People who are double vaccinated are thinking “ I catch it – and I might” (as increasingly the evidence is that you might) “I’m not going to get it so seriously”. But actually, if you don’t get it so seriously or if you don’t display symptoms but you are infectious, does somebody who is double vaccinated then find potentially they don’t take the symptoms so seriously? Do they test soon enough because they don’t want to be isolated if they find if they do have COVID on the basis “it doesn’t affect me so much, so do I need to worry about it?” They then come into the workplace and spread the infection. Whereas somebody not vaccinated might be more cautious and at the first sign of any ill health might be testing more and be prepared to test more because they feel they are potentially more vulnerable.

Dom:

In your risk assessment, you therefore probably can’t take account of the fact of how many people have or haven’t got double vaccines then?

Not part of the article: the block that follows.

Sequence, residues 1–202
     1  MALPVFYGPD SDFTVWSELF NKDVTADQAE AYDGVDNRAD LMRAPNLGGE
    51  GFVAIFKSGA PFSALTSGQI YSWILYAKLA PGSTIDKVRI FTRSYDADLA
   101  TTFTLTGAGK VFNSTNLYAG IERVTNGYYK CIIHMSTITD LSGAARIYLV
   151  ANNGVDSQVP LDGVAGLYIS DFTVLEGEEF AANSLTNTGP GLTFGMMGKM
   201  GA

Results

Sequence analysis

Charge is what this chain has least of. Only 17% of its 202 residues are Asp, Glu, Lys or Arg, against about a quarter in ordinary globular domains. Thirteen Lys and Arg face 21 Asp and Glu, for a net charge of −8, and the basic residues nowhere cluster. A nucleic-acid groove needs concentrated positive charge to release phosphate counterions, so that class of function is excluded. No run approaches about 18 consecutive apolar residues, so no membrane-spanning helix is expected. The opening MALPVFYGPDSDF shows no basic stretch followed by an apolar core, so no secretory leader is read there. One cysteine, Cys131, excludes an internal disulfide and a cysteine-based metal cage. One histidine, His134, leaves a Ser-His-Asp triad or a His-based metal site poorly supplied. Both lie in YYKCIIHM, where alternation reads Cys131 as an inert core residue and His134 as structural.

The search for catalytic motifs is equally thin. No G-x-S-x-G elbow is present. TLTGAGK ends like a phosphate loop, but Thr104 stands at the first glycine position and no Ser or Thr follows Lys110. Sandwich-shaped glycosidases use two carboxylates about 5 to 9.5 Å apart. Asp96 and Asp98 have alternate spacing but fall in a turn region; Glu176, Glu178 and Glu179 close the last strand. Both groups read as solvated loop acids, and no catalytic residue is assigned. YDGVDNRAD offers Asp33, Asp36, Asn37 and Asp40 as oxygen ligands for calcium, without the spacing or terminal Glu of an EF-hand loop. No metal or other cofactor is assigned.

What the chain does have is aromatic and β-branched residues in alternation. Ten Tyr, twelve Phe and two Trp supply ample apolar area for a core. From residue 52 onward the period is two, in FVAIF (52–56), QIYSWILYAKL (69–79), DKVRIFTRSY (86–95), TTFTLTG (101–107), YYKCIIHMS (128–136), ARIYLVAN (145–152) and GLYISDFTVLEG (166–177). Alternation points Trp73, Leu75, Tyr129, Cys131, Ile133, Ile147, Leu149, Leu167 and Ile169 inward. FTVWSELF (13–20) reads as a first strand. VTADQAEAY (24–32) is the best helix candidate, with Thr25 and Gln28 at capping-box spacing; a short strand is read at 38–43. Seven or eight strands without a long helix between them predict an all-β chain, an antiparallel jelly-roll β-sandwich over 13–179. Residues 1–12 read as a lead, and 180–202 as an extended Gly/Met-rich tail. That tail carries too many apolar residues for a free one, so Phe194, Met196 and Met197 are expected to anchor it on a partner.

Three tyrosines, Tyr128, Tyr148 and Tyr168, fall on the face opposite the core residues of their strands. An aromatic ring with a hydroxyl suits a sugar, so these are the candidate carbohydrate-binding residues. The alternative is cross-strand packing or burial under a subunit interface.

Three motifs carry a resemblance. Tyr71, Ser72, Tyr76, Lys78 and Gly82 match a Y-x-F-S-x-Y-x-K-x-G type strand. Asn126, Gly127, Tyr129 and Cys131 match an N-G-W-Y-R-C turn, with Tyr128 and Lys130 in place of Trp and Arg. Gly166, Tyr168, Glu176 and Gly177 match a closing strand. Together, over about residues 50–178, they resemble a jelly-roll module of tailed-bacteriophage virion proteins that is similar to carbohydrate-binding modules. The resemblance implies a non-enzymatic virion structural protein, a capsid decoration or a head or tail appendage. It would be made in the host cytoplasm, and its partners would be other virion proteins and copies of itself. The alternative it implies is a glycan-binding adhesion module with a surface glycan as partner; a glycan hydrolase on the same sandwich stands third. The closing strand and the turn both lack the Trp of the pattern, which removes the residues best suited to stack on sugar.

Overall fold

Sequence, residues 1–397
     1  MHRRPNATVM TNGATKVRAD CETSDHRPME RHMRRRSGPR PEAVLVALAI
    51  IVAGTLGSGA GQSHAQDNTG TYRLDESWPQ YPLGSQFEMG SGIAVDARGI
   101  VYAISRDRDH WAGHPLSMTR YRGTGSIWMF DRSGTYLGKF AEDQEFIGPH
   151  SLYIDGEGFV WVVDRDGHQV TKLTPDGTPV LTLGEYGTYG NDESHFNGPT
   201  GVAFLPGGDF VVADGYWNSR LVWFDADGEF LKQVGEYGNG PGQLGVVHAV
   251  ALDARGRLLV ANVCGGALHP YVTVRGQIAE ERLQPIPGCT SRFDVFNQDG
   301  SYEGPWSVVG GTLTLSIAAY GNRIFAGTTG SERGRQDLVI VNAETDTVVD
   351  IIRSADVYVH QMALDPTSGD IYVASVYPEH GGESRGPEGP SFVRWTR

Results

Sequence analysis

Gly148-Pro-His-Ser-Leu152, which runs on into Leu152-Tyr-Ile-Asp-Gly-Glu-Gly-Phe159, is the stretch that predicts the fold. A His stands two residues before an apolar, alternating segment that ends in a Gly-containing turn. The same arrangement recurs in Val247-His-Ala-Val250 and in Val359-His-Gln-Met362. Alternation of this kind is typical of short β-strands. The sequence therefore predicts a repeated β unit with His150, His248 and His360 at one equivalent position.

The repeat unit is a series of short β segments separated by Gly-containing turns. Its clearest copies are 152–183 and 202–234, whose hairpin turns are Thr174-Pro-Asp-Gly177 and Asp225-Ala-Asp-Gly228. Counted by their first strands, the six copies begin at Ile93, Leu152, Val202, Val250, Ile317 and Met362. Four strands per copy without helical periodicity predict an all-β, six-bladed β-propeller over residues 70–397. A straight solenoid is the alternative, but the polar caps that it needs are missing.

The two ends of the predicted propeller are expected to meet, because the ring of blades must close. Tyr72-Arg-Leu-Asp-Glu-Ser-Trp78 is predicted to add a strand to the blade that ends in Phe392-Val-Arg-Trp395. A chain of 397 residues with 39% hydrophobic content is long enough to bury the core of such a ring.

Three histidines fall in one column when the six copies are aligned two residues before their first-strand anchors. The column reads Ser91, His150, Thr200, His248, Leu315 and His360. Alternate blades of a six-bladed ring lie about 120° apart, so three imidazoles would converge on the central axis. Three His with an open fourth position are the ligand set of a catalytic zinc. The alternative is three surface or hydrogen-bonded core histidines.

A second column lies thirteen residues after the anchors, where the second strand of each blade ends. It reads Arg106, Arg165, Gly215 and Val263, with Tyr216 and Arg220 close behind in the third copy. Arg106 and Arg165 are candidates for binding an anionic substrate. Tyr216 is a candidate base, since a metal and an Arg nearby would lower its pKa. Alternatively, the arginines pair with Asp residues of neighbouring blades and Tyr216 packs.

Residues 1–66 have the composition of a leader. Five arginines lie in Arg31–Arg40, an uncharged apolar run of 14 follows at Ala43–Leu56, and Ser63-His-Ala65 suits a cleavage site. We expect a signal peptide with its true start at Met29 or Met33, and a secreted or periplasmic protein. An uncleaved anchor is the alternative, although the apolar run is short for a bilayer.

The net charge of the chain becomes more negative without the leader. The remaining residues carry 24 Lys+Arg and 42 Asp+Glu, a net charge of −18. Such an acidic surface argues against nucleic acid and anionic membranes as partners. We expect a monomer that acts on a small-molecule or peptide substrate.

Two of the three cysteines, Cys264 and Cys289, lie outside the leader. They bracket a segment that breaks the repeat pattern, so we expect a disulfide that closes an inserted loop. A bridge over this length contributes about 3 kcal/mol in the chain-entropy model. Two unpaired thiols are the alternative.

Sue:

I think you can take account of vaccinations if you know that people have been jabbed, but it might be prudent now to be cautious about people being less cautious because they are vaccinated and taking account of that as part of the risk assessment.

Dom:

So, this is becoming more a behavioural thing,

There is a misconception amongst some I believe where it feels as if the double vaccine is a shield. Effectively it’s not – it is just mitigation isn’t it? It is not a prevention it’s mitigation. If you do get it hopefully you will be less ill. The message that was quite clear in lockdown is that we are trying to stop people from going into our hospitals where we can’t cope with it. You may have, I certainly have, got friends who have COVID, who are ill and have been double jabbed but they’re not in the hospital. They feel poorly though.